WFP, Government Inaugurate Grain Equipment For Smallholder Farmer Groups In Jinja
JINJA – In a commissioning ceremony today, the United Nations World Food Programme (WFP) together with the Government of Uganda put grain processing equipment into service to help small-scale farmers in the Jinja area to improve the quality of their grain, store it more safely and access markets.
The equipment is used to clean, dry, grade and bag grain for storage, and is being leased to Upland Rice Millers in Jinja town for the benefit of smallholder farmer groups in the area. The processing gear is one of eight units purchased by WFP and leased to the private sector and co-operatives since 2010, and it is being used in Jinja for the first time.
“Warehouse upgrades are critically important in our joint efforts with WFP to enhance the warehouse receipt system in Uganda,” said Minister of Trade, Industry and Co-operatives Amelia Kyambadde at a ceremony in Jinja on Monday.
The warehouse receipt system is a means to integrate small-scale farmer groups and traders into the East African Community market, the minister said. Constraints facing smallholders in Uganda include the lack of modern stores and warehouses, often resulting in poor quality grain.
“WFP’s vision is that Uganda is increasingly able to access regional markets with quality grain, and that small-scale farmer groups in particular are able to get better prices for their surpluses,” said Alice Martin-Daihirou, the WFP representative in Uganda.
Martin-Daihirou said agriculture and market support are among WFP's priorities in Uganda, where the agency’s work includes providing assistance for people who can meet their basic food needs, but require increased incomes to become fully food secure. This includes the Purchase for Progress initiative, known as P4P, which focuses on supporting small-holder farmer groups.
Under the warehouse receipt system, warehouse managers – licensed by Uganda Commodity Exchange – clean, dry, grade, bag and store agricultural produce from farmer groups, traders and processors, for a fee in public warehouses. The warehouse manager issues the depositor with a legally tradable electronic receipt, a document verifying the quantity and quality of stored grains. The receipt can enable a depositor to obtain a bank loan.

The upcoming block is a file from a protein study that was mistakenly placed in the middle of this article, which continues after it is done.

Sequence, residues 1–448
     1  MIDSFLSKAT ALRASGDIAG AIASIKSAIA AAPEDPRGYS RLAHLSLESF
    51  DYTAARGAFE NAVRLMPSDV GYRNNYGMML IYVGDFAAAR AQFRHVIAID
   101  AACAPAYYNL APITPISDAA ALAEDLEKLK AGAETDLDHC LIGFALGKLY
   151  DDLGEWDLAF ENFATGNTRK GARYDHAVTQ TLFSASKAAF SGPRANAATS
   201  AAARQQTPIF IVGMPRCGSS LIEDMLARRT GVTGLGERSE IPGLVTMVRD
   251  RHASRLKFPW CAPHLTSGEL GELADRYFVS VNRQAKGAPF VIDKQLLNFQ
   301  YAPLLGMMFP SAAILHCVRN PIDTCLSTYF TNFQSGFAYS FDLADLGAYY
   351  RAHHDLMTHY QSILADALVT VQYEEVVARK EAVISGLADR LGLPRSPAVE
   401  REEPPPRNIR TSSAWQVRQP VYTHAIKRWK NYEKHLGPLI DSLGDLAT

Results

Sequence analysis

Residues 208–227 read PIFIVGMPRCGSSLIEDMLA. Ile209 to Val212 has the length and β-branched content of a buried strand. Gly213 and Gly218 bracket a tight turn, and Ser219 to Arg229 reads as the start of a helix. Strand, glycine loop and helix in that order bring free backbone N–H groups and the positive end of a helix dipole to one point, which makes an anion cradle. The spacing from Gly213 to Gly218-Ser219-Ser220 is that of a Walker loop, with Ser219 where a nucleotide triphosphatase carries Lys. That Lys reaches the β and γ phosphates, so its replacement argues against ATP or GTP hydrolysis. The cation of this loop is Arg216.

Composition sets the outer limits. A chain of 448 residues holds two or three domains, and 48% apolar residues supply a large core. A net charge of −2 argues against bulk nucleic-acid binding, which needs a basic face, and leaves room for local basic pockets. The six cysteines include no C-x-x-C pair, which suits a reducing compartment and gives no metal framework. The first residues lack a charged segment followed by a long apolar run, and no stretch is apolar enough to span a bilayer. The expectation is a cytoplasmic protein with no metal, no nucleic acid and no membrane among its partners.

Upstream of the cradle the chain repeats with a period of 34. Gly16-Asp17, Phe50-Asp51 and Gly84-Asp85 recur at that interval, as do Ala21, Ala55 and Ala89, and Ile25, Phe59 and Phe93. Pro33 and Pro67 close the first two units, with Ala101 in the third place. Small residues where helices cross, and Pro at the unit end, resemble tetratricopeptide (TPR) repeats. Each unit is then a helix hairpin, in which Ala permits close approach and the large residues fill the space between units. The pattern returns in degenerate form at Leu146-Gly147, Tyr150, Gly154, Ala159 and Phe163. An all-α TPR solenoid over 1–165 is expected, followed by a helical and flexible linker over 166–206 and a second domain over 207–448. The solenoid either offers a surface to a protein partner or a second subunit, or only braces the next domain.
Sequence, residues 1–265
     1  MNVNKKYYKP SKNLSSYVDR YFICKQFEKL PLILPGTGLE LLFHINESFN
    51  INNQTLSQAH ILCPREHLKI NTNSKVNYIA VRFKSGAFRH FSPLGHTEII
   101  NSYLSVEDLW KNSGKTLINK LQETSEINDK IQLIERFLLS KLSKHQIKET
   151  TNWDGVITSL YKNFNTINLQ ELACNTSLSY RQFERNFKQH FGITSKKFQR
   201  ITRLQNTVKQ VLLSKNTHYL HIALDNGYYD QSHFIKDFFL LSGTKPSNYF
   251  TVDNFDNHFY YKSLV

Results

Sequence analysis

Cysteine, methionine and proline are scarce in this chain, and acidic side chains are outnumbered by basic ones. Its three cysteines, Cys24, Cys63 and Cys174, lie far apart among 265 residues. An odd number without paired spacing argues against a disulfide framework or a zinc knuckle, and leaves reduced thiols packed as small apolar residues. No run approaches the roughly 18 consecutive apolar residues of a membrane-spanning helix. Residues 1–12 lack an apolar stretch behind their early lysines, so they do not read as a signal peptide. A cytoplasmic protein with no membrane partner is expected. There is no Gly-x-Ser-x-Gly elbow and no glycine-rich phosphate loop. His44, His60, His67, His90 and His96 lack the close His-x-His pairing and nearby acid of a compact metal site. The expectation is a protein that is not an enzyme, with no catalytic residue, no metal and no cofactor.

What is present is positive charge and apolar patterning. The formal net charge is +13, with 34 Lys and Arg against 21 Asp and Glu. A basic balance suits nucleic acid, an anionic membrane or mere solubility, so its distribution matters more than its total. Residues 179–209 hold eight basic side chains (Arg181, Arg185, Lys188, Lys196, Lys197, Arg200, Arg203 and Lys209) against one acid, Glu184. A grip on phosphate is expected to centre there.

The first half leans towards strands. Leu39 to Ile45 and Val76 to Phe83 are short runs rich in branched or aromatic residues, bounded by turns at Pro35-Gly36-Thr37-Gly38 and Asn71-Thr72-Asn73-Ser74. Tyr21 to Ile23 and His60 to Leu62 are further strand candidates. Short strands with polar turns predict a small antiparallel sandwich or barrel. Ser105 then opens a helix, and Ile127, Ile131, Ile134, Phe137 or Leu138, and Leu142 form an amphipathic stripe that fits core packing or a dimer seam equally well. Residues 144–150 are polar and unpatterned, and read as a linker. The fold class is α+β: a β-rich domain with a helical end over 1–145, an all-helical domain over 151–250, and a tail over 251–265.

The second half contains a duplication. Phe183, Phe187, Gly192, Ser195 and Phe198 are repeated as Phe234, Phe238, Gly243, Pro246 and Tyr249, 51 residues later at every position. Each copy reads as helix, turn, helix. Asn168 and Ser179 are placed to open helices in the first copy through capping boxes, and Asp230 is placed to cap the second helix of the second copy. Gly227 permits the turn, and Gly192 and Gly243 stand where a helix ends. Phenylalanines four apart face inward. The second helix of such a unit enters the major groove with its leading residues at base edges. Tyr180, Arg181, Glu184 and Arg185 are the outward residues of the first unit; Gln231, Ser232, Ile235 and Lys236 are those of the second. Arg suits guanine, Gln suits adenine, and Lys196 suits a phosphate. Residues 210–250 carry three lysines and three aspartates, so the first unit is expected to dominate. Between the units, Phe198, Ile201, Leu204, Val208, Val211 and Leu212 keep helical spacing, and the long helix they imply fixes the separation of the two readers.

To support the receipt system, WFP invested US$2.4 million to buy the eight units of grain processing equipment to be leased to regional warehouses. In addition to the equipment commissioned in Jinja on Monday. the other seven units are operating in Kasese, Gulu, Masindi, Lira, Kapchorwa and Soroti towns, assisting farmers and traders to process maize, rice, sorghum and other agricultural produce.
WFP, the Ministry of Trade, Industry and Cooperatives and the Ministry of Agriculture, Animal Industry and Fisheries have signed a joint action agreement to support agriculture and the expansion of market access in Uganda. The agreement is aligned with the National Development Plan and the objectives of the Comprehensive Africa Agriculture Development Programme Compact.
The Minister of State for Agriculture, Zerubabel Nyira, and the UN Resident Coordinator Ahunna Eziakonwa-Onochie also attended the commissioning ceremony. Nyira said that the warehouse upgrades complement his ministry’s Development Strategy and Investment Plan.
WFP's other partners include the United States Agency for International Development (USAID). USAID provides technical support and is the largest funder of both WFP’s humanitarian and agriculture and market support programmes.
For details, please contact
Lydia Wamala, WFP: Tel: +256.312.242.000 or (cell): +256.757.778.037 firstname.lastname@example.org
Deborah Kyarasiime, Ministry of Trade, Industry and Co-operatives, +256 772. 403,046 email@example.com